And there's Martin Cullen and the likes of Martin Cullen. And, in fairness to the former Area Sales Manager for Dillon and Co Wine and Spirit Merchants, he's not the worst minister in the government. He just happens to be the one relevant to this column. In fact, compared to some of his colleagues, he's a model citizen. In 2008, for example, he only once felt the need to use a helicopter. But there were 36 other times the whirlybirds had to be called into use. If there was a helicopter usage Olympics, the Minister for Sport wouldn't even make the final, he'd be choking in the dust of such frequent fliers as Willie O'Dea, who made nine and a half trips, one shared with runner-up Brian Cowen who managed eight and a half. Martin would have to go a bit to catch five-time flier Dermot Ahern or other multiple users such as Batt O'Keeffe and the two Marys, Harney and Coughlan.

Maybe his Waterford-Killarney foray is understandable enough in a milieu where Brian Cowen thought the journey from St Pat's Drumcondra to the Ritz Carlton Powerscourt to the Phoenix Park was one which needed to be made by air. Or where Noel Dempsey used a helicopter to go from Trim GAA club to Foynes GAA club and back to Trim GAA club. Poor old Chopper Cullen doesn't deserve all the blame.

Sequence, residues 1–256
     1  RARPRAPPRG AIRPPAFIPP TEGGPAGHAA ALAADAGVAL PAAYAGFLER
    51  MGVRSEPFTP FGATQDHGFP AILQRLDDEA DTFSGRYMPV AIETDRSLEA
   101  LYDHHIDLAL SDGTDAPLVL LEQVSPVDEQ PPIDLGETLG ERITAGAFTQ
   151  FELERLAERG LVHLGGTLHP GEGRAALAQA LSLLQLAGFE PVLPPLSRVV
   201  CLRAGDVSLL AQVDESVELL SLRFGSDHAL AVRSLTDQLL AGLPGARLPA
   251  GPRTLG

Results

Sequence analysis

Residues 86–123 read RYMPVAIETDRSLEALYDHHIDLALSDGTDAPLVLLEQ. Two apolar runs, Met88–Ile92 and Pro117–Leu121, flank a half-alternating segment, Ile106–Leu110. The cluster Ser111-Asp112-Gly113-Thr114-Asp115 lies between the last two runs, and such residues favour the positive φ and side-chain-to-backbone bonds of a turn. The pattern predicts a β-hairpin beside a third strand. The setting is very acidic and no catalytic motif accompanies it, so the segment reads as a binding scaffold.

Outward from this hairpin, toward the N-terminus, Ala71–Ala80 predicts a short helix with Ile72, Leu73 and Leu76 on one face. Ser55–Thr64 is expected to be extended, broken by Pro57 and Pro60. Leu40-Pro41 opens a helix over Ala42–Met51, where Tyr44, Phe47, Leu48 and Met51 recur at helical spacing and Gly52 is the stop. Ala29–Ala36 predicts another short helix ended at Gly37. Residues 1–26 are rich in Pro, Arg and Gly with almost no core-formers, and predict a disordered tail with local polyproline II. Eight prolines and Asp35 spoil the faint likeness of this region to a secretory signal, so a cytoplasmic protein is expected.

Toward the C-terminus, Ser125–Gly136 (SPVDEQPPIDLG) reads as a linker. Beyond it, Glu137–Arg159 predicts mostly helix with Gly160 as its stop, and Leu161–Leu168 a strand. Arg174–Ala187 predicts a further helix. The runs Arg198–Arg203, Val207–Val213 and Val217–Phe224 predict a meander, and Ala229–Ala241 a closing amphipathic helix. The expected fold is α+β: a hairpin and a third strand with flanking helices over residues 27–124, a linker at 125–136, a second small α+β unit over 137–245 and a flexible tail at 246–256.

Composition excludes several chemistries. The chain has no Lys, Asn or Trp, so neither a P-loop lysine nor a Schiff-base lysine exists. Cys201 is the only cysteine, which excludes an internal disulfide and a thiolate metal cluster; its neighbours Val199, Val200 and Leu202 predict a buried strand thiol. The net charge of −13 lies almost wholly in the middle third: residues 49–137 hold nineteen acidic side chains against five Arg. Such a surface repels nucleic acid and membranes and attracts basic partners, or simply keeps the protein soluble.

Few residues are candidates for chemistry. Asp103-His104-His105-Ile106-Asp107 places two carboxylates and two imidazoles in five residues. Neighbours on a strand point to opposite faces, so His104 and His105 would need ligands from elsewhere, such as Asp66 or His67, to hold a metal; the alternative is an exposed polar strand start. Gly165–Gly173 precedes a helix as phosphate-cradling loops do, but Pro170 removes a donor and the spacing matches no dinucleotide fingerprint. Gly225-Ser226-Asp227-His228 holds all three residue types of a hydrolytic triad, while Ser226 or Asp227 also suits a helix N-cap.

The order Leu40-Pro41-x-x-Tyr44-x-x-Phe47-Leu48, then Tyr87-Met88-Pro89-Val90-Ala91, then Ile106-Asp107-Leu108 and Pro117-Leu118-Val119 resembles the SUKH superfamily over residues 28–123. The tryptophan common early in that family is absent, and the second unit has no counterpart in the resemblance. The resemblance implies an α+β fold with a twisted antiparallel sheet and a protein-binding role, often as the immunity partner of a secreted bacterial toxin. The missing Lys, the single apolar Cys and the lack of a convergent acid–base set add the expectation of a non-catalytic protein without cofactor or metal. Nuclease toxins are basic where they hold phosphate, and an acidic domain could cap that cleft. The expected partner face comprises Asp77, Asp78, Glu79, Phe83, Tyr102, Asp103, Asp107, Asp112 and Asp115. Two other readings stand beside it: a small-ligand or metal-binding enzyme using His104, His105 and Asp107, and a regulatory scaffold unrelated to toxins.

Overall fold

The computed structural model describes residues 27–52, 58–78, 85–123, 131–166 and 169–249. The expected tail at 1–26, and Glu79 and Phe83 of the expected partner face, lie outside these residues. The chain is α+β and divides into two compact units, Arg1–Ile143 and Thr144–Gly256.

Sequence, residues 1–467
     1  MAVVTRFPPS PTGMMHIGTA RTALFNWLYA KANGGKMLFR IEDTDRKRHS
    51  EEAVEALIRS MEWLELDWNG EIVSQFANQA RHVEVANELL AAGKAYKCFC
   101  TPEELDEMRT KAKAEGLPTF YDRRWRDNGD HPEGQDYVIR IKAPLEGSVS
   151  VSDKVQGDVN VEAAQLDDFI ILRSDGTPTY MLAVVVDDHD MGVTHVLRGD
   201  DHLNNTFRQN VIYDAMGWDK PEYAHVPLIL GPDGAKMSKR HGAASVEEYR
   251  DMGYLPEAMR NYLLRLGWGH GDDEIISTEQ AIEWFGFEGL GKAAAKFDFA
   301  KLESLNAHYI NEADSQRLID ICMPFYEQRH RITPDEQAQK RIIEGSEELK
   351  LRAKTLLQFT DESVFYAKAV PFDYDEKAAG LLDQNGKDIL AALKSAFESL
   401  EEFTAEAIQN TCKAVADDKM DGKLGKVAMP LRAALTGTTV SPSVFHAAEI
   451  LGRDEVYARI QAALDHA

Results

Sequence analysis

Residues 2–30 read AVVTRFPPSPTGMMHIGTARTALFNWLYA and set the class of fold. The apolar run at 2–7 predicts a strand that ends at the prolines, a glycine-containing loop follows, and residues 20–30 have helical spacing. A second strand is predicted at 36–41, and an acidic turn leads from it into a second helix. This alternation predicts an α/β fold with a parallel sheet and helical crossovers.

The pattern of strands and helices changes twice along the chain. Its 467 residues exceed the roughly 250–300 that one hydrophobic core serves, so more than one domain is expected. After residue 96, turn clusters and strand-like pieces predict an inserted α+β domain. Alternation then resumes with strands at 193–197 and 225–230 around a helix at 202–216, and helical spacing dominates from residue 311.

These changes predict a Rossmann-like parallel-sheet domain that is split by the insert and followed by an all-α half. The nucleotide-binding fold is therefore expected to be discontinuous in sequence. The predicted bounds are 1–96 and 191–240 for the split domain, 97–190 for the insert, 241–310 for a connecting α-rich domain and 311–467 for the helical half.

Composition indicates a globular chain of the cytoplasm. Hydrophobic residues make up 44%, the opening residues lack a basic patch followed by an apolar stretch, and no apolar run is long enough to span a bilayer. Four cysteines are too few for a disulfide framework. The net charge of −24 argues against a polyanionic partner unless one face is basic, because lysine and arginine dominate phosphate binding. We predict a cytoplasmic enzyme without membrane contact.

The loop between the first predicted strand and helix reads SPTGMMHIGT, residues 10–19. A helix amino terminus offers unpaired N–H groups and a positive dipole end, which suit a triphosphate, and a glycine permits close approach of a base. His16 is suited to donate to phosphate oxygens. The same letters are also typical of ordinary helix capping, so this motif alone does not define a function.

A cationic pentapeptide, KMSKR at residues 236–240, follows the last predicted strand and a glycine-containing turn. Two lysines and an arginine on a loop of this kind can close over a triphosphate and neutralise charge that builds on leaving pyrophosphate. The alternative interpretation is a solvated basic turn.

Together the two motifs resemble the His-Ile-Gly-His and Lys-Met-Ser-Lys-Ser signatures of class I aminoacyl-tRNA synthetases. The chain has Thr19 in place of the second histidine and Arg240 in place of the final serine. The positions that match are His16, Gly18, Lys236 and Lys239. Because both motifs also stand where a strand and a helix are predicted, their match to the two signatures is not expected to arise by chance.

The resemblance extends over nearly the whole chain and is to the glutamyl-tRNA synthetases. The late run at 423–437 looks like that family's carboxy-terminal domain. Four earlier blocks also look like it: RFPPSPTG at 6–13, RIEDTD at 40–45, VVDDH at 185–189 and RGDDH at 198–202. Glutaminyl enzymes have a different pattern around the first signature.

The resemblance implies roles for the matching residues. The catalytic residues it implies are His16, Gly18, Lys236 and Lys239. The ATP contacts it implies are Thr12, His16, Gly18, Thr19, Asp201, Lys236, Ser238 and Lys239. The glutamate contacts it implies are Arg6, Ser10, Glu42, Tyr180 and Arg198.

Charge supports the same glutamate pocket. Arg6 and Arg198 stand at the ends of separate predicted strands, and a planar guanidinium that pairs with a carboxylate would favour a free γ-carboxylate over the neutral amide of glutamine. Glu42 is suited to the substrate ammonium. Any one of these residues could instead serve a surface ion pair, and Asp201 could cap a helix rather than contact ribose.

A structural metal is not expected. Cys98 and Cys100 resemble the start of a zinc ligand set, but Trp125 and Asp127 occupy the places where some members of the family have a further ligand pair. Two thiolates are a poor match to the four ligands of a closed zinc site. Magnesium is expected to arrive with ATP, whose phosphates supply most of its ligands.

This stuff matters because it's hard to fight sport's corner in a time of recession. Those helicopters are paid for out of the Department of Defence budget but it's all out of the same kitty in the end.

Because, faithful reader, when I think of the athletes biting their nails this week in case a loss of form or a struggle with injury has resulted in their funding being cut and then I think of the insouciance with which a minister who feels free to lecture the Sports Council on getting value for money orders up a helicopter and I think of how these born-again apostles of fiscal rectitude will tell you that we're all in it together before they jet expensively to their five-star hotels for the annual St Patrick's junket, I can only come to one conclusion. They think you're a bollocks.

And if you tolerate this, your children will be next.